One chapter closes in 2012 bank robbery

A Marshalltown man who robbed a bank at gunpoint and whose accomplice shot a police officer was sentenced to 25 years in prison on state charges Thursday.

Abel Ramirez, 23, pleaded guilty to first-degree robbery on local charges and was previously sentenced to 14 years on federal charges.

Four victims testified during the sentencing about the terror they felt when Ramirez and Benjamin Crisantos entered the Lennox Employees Credit Union, 1004 E. Main St., on Nov. 2, 2012.

They described the event as a normal day turned into a nightmare as the two men rushed into the bank wearing masks, waving guns and screaming obscenities.

“This was the day I wondered if I would die,” Megan Wolken said. “As we silently prayed we wondered if we would see our children again.”

Shannon Pickett said she worked at financial institutes for 15 years, yet no training she’d been through could prepare her for the aftermath of the armed robbery.

“Although it happened quickly, to me it was slow motion,” Pickett said. “I prayed that these two men would not kill me and leave my kids without a mother.”

Following the robbery, she said she suffered from anxiety and depression for which she had to seek professional help.

Tracy Thomas also testified about the trauma she suffered during the robbery.

“When I was on the floor that day with my hands in the air and looked at you pointing that gun at me all I could see was the barrel to that gun,” Thomas said. “Seeing the wall behind me, I was thinking my blood could be splattered all over that. Would I ever see my daughter or husband again? I didn’t know.”

Assistant Marshall County Attorney Paul Crawford said the men got away with more than $13,000 in cash, which was later recovered. Officer Vern Jefferson was shot in the leg by Crisantos while pursuing the men on foot; he returned fire and provided police with vital information as to the location of Ramirez. Jefferson was later recognized for his valor by the state’s police chiefs association and the city of Marshalltown for his actions that day.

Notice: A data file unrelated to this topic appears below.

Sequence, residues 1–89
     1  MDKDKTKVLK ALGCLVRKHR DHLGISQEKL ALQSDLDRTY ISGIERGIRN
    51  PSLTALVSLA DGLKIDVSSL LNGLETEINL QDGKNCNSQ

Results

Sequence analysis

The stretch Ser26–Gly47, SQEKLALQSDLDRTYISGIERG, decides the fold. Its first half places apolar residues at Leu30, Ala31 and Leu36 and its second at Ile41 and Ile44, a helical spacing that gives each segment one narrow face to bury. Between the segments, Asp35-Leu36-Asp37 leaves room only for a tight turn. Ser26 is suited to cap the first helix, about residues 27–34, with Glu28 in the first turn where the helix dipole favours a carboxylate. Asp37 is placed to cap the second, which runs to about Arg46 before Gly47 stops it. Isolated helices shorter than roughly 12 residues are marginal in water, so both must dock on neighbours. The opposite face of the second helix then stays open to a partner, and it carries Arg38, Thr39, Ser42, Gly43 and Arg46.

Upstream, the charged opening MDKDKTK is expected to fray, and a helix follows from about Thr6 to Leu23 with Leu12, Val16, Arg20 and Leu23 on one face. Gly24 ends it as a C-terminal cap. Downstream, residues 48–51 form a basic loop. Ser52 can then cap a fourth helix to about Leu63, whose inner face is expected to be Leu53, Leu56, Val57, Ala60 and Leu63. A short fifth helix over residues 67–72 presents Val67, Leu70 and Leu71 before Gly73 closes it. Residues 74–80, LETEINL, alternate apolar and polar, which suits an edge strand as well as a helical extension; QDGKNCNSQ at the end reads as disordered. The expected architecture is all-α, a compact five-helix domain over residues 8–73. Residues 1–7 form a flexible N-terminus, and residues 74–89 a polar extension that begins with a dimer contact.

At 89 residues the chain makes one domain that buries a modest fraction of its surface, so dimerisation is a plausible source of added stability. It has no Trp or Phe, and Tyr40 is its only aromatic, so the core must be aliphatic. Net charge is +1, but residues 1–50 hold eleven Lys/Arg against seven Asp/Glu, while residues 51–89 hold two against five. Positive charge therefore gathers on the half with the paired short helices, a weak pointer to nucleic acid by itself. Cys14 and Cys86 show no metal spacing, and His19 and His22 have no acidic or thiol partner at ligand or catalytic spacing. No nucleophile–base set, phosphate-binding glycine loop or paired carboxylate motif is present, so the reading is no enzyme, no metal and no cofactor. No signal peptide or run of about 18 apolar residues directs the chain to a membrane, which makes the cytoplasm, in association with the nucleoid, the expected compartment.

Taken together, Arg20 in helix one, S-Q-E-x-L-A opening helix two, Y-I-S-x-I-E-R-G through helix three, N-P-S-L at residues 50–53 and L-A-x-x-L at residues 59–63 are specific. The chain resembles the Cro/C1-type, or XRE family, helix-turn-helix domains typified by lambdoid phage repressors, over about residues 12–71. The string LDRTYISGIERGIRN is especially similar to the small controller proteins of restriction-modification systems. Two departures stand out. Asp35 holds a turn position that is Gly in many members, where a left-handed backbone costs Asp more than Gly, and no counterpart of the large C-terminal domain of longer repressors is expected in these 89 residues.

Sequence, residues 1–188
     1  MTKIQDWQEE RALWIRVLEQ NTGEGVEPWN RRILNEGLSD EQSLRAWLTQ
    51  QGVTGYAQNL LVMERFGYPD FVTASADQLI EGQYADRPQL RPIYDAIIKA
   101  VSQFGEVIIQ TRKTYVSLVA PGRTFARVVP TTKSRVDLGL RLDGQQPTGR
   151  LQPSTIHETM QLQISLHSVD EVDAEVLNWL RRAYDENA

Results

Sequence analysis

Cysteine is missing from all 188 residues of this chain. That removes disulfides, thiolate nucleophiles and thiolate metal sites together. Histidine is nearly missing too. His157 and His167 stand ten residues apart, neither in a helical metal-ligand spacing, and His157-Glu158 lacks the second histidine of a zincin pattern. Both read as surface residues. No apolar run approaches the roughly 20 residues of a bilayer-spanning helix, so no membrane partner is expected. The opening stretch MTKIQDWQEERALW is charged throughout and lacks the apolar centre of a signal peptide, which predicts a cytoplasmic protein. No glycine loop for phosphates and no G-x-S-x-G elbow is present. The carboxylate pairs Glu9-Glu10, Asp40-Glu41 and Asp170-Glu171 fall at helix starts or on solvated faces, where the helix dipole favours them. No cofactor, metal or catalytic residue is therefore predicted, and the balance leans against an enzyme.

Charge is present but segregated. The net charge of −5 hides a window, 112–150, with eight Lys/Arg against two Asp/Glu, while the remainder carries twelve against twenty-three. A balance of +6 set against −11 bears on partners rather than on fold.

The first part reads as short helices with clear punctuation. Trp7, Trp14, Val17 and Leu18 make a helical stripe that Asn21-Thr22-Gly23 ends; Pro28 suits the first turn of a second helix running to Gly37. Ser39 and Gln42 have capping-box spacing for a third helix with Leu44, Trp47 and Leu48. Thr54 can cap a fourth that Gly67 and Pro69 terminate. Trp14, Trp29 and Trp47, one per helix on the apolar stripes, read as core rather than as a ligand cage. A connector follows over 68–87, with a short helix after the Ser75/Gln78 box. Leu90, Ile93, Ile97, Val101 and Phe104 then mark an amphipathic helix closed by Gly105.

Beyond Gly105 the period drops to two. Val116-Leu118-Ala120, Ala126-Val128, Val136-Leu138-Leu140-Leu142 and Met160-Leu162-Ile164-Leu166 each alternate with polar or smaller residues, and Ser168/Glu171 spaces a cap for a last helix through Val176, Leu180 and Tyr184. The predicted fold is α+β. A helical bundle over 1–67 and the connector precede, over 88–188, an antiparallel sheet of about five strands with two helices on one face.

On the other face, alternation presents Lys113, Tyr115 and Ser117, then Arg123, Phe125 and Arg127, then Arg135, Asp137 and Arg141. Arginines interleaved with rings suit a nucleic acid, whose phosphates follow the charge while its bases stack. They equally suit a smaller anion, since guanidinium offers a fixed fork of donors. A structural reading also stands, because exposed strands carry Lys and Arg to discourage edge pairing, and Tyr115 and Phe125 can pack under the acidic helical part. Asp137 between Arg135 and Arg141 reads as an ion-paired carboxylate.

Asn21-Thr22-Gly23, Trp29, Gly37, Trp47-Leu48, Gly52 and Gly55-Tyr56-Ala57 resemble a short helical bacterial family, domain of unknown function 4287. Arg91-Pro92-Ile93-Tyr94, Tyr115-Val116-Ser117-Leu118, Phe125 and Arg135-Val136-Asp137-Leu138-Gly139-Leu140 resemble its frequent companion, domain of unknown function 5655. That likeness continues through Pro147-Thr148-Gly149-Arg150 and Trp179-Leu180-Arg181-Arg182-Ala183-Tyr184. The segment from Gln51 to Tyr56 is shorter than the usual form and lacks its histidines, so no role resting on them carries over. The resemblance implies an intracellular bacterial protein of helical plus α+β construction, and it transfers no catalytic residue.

Ramirez spoke to the victims before his sentence was handed down, saying he regretted what he did and offered an apology.

“If you don’t forgive me, I can’t blame you,” he said. “There is no justification for what I did that day and I am sorry.”

District Court Judge Steven Oeth said he felt the 25-year mandatory sentence was appropriately severe. Ramirez is required to serve 17.5 years of the sentence before he is eligible for parole.

Ramirez will likely serve less than 18 years because a federal judge ordered his sentences be served concurrently. After serving the 14 years in federal prison, Ramirez will be required to serve the remaining time on state charges.

His accomplice, Crisantos, has had state proceedings suspended due to a possible mental disorder, which is being evaluated by physicians. Crisantos was sentenced to 15 years in prison after pleading guilty to federal charges. He is charged with attempted murder, among other state charges.